Obama hails legalisation of gay marriage as ‘victory for America’

In historic ruling Supreme Court approves same-sex unions, overruling bans in 14 states

US president Barack Obama hailed a Supreme Court ruling legalising same-sex marriage across the country as a "victory for America." The ruling means that the remaining 14 of the 50 states where same-sex marriage is illegal will no longer be able to enforce state bans.

Speaking at the White House, an elated Mr Obama, evidently feeling the weight of the historic moment, declared: "Today, we can say, in no uncertain terms, that we have made our union a little more perfect."

Paying tribute to the “anonymous heroes” who suffered taunts and bullying in decades of fighting for gay rights, the president said that progress might have have seemed slow to marriage equality activists, but that the shift in public opinion favouring gay marriage had been “so quick”. “Sometimes there are days like this when that slow and steady effort is rewarded with justice that arrives like a thunderbolt,” Mr Obama said.

Outside the court in Washington DC, opposite Capitol Hill, Jim Obergefell, the lead plaintiff in the landmark Supreme Court case, took a phone call from the president on live television.

Mr Obergefell, a property agent from Cincinnati, Ohio whose name will now appear in history books as the face of victory in a long-running civil rights campaign, brought the case to have his name listed on his late husband's death certificate as his surviving spouse. "I'm really proud of you," Mr Obama told him. "Just know that not only have you been a great example to people, but you're bringing about a lasting change in this country."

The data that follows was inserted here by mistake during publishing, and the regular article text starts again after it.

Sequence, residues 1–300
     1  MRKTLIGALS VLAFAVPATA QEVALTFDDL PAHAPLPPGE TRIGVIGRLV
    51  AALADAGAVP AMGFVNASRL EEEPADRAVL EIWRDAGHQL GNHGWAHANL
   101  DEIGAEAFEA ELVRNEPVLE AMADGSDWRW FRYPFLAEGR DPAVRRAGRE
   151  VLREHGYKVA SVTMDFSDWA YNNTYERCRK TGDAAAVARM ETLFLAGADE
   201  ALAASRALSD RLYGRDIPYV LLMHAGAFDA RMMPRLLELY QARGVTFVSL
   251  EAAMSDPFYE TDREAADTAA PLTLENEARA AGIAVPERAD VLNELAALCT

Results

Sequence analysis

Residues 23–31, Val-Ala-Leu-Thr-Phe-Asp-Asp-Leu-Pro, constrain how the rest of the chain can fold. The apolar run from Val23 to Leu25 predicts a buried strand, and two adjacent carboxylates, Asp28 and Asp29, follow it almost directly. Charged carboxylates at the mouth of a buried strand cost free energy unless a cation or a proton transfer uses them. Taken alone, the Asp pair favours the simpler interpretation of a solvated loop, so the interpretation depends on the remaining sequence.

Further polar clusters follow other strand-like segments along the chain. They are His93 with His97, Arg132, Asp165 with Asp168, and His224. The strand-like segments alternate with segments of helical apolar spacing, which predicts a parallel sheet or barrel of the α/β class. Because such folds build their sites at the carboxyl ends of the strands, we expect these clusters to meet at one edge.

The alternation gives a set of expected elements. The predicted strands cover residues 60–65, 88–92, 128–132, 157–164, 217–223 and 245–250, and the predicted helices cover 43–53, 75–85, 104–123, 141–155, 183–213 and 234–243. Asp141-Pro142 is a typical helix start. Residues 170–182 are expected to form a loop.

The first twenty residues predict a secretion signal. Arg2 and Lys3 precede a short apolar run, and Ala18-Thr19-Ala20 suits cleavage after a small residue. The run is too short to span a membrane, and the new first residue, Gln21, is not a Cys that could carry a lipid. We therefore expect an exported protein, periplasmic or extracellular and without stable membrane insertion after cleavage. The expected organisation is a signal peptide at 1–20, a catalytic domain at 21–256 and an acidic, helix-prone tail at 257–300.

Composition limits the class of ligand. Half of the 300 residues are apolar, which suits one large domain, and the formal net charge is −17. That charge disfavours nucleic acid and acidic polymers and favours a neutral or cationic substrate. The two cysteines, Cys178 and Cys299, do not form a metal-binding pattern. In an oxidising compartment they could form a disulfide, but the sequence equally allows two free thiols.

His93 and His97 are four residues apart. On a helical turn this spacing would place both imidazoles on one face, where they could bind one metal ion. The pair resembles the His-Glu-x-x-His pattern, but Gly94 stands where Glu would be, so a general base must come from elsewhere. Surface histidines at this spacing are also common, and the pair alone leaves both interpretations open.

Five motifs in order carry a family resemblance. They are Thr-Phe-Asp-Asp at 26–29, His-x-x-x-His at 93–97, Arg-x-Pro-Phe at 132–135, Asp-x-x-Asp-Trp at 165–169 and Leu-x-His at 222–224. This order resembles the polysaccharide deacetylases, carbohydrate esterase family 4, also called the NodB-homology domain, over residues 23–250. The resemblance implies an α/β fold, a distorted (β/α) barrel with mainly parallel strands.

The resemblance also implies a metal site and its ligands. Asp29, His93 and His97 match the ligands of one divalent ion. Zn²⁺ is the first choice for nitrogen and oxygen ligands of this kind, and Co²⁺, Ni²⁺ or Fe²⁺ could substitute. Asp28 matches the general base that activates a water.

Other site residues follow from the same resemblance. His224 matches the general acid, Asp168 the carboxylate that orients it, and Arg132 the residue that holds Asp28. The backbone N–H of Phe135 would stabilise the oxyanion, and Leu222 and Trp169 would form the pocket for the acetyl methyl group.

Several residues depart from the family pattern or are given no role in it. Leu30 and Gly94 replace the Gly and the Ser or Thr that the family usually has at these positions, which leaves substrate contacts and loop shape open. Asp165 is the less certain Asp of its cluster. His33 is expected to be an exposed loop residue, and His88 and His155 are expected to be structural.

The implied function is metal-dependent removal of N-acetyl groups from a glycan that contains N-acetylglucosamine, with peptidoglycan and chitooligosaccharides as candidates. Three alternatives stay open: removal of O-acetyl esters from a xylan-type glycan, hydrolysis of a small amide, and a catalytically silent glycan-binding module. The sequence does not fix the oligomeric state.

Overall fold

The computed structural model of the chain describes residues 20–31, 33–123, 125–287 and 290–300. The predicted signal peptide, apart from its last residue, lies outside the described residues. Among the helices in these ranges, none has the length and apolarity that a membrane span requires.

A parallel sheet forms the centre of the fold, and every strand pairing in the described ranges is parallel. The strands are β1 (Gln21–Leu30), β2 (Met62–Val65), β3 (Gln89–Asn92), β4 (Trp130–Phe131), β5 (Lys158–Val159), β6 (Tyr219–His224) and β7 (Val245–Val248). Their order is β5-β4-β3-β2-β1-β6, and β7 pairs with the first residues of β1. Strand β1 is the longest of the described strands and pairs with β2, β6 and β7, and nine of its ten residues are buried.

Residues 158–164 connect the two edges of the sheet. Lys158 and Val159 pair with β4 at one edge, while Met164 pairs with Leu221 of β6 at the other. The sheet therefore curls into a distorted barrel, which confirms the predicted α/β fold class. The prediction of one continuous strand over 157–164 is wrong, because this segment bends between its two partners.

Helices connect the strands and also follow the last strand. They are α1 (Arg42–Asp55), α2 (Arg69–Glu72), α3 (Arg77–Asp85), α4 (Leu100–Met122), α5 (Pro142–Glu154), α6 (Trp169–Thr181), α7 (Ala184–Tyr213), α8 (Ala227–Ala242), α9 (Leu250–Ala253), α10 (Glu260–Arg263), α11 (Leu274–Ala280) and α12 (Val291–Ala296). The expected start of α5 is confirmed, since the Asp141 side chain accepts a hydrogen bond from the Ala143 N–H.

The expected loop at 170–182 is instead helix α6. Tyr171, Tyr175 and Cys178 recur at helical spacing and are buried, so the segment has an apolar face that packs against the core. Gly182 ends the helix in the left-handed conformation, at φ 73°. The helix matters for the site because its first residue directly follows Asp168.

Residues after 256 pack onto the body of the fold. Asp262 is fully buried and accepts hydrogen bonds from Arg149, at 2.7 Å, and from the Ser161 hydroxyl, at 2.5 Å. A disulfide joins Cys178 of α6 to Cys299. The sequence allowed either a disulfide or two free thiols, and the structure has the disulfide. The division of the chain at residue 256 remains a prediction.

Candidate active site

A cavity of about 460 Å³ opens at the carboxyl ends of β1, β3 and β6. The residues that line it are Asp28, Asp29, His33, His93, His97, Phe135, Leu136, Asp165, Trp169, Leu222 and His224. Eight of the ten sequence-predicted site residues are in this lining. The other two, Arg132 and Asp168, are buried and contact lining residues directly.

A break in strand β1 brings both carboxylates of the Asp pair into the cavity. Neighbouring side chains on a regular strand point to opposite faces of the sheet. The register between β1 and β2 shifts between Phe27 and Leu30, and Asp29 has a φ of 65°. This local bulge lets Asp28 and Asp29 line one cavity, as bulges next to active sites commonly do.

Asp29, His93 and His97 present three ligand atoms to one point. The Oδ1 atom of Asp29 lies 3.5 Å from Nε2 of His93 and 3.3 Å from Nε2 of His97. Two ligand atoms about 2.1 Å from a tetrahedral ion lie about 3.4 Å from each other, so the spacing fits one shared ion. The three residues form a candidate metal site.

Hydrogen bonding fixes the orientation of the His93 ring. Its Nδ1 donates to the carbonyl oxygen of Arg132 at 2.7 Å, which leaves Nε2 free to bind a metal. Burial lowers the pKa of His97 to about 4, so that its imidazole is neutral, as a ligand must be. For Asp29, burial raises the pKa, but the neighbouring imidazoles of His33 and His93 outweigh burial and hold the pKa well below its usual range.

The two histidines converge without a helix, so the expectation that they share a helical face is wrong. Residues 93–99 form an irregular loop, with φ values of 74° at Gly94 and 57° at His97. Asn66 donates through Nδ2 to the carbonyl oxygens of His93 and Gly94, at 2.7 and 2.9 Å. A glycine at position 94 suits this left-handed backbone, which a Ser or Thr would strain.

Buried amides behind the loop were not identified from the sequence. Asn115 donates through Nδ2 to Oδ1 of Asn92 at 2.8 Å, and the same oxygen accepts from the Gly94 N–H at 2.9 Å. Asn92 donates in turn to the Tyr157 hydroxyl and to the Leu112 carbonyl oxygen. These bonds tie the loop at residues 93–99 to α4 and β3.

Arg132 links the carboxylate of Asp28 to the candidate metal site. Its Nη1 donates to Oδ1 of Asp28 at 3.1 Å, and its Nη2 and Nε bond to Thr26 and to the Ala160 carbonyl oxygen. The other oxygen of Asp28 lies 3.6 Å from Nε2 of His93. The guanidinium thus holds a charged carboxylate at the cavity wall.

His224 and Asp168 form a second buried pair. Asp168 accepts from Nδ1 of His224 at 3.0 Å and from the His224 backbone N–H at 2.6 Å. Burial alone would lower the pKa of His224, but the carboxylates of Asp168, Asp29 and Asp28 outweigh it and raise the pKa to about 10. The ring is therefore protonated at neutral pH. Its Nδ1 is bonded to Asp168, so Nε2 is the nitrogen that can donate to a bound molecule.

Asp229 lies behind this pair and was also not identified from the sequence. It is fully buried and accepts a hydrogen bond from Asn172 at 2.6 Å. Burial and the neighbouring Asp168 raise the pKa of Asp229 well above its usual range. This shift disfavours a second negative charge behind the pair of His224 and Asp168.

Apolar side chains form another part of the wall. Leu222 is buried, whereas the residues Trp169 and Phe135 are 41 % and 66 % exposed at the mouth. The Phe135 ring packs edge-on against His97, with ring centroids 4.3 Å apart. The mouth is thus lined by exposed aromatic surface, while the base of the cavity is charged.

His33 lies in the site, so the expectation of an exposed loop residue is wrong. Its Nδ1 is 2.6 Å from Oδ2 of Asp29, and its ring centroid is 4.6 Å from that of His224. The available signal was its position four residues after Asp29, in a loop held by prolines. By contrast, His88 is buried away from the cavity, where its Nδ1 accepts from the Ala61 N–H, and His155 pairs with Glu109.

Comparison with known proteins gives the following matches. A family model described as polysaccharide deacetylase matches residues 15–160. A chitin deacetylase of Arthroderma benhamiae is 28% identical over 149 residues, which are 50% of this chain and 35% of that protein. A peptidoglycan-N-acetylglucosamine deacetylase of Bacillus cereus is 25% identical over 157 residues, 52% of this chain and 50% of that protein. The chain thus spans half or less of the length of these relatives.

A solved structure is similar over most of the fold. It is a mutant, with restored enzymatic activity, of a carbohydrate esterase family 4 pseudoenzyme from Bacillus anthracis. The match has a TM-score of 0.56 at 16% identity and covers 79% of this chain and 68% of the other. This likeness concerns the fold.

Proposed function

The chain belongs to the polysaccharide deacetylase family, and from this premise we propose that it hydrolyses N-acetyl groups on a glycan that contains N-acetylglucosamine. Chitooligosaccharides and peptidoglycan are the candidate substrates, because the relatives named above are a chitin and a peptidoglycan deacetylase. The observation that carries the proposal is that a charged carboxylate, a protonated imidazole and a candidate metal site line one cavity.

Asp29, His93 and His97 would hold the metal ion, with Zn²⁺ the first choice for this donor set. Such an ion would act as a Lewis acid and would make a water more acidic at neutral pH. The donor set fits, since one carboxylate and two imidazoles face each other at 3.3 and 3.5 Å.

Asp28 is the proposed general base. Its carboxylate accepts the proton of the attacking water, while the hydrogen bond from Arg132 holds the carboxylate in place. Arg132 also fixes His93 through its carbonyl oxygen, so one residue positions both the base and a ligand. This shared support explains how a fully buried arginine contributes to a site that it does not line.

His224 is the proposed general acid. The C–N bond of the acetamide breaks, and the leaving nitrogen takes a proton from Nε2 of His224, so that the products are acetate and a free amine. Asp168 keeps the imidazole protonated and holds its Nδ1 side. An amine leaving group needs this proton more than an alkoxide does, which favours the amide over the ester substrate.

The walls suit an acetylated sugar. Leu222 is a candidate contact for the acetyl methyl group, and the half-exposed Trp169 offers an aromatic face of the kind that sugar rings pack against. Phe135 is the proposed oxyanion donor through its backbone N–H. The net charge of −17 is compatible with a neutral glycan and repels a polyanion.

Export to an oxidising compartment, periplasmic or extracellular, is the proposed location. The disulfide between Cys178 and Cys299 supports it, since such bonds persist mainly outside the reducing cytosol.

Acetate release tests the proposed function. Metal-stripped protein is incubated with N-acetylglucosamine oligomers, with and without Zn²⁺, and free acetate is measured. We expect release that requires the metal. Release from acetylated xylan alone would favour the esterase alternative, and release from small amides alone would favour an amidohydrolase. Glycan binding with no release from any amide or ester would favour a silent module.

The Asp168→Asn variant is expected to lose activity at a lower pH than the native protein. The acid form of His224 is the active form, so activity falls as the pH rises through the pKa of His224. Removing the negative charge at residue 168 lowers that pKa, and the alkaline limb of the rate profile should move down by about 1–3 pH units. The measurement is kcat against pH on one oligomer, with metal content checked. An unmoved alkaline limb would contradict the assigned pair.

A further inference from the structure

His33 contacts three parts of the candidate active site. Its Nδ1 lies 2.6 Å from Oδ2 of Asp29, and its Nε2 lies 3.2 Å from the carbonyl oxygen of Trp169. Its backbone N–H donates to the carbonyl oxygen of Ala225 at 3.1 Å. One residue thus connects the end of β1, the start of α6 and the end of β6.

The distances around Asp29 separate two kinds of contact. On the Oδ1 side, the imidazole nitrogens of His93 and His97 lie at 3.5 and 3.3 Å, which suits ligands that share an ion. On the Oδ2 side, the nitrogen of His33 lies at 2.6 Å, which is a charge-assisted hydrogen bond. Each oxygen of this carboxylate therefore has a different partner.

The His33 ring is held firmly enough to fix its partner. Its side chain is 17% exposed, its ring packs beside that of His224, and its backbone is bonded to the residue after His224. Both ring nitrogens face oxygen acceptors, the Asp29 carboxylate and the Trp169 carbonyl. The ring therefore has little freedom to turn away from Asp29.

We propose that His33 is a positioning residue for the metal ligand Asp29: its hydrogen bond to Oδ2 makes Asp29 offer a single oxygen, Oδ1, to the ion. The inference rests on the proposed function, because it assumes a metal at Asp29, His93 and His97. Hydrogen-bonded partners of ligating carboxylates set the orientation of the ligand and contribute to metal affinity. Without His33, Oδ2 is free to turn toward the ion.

In a 5-4 vote, the court ruled that same-sex marriage was constitutional. Justice Anthony Kennedy, the court’s swing voter who pivots between his four liberal and four conservative colleagues on the bench, wrote the majority opinion.

“No union is more profound than marriage, for it embodies the highest ideals of love, fidelity, devotion, sacrifice and family,” wrote Justice Kennedy, the author of three previous majority opinions supporting gay rights. “In forming a marital union, two people become something greater than once they were,” he added.

His majority opinion drew a blistering critique from Justice Antonin Scalia, one of the court's most vociferous conservatives. He described the ruling as a "judicial putsch". Known for his terse turns of phrase and snappy quips, the judge, appointed to the court by Ronald Reagan in 1986, rubbished the argument that marriage bought with it freedoms such as expression, intimacy and spirituality. "Ask the nearest hippie," he said.

The ruling set off scenes of celebration and jubilation in the streets around the court. "We couldn't be more delighted," said Co Roscommon native and Washington resident Andrew Clarke, wearing an Irish same-sex equality T-shirt and standing next to his American husband, Chip.

"It is amazing news that Ireland was first and then the US, so all our dreams are coming through," Mr Clarke said.

"We are overwhelmingly happy, excited – lots of tears of joy here today," Anastasia Khoo, director of marketing at the Human Rights Campaign, told The Irish Times at the steps of the Supreme Court.

“It is an incredible day for the movement and certainly for the country,” she said. “The majority of Americans support the issue and support same-sex couples. And so it is really just an indication of where the country is headed in terms of fairness and equality.”

The ruling was welcomed by Democratic presidential candidates Hillary Clinton and Martin O'Malley. It was roundly condemned by Christian conservatives. Former Arkansas governor and president candidate Mike Huckabee called it "an out-of-control act of unconstitutional, judicial tyranny."

"Marriage between a man and a woman was established by God and no earthly court can alter that," said Bobby Jindal, the Republican governor of Louisiana who joined the race for the presidency this week.